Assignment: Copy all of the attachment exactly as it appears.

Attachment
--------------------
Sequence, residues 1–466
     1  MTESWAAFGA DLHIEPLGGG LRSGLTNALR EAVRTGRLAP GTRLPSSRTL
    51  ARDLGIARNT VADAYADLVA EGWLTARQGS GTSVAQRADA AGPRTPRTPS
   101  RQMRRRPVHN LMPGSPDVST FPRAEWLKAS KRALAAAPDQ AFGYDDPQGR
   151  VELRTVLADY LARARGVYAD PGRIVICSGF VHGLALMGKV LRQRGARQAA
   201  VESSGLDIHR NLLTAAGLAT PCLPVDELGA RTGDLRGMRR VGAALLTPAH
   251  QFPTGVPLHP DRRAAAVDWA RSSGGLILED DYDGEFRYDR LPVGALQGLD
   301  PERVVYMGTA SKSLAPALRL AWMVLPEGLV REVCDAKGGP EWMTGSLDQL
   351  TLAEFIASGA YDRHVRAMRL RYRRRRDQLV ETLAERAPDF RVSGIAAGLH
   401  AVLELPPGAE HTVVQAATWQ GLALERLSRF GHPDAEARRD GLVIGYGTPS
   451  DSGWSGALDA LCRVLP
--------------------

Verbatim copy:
Sequence, residues 1–466
     1  MTESWAAFGA DLHIEPLGGG LRSGLTNALR EAVRTGRLAP GTRLPSSRTL
    51  ARDLGIARNT VADAYADLVA EGWLTARQGS GTSVAQRADA AGPRTPRTPS
   101  RQMRRRPVHN LMPGSPDVST FPRAEWLKAS KRALAAAPDQ AFGYDDPQGR
   151  VELRTVLADY LARARGVYAD PGRIVICSGF VHGLALMGKV LRQRGARQAA
   201  VESSGLDIHR NLLTAAGLAT PCLPVDELGA RTGDLRGMRR VGAALLTPAH
   251  QFPTGVPLHP DRRAAAVDWA RSSGGLILED DYDGEFRYDR LPVGALQGLD
   301  PERVVYMGTA SKSLAPALRL AWMVLPEGLV REVCDAKGGP EWMTGSLDQL
   351  TLAEFIASGA YDRHVRAMRL RYRRRRDQLV ETLAERAPDF RVSGIAAGLH
   401  AVLELPPGAE HTVVQAATWQ GLALERLSRF GHPDAEARRD GLVIGYGTPS
   451  DSGWSGALDA LCRVLP